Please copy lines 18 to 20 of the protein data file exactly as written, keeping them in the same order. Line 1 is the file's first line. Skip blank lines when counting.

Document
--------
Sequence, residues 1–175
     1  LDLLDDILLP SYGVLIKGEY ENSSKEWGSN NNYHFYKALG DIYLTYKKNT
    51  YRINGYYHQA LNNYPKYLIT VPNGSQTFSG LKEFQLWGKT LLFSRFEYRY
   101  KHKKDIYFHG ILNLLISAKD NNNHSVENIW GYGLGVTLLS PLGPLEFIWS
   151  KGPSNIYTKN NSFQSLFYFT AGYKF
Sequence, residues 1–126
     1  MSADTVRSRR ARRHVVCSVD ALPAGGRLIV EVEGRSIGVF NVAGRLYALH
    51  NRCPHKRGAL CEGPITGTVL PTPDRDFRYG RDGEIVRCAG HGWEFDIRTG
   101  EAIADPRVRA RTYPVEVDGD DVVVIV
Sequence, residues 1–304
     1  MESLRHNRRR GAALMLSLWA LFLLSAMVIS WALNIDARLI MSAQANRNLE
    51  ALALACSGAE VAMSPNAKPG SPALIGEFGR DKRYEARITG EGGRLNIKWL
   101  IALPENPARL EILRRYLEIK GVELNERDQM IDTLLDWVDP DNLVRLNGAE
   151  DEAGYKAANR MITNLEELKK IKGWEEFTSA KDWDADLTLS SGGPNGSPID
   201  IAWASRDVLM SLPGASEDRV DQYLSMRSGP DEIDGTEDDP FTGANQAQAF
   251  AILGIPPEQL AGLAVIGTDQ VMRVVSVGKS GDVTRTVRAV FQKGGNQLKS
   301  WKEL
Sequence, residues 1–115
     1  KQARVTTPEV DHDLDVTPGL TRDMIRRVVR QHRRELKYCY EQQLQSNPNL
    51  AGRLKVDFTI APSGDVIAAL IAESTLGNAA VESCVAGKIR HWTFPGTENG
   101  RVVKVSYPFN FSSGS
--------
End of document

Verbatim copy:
Sequence, residues 1–115
     1  KQARVTTPEV DHDLDVTPGL TRDMIRRVVR QHRRELKYCY EQQLQSNPNL
    51  AGRLKVDFTI APSGDVIAAL IAESTLGNAA VESCVAGKIR HWTFPGTENG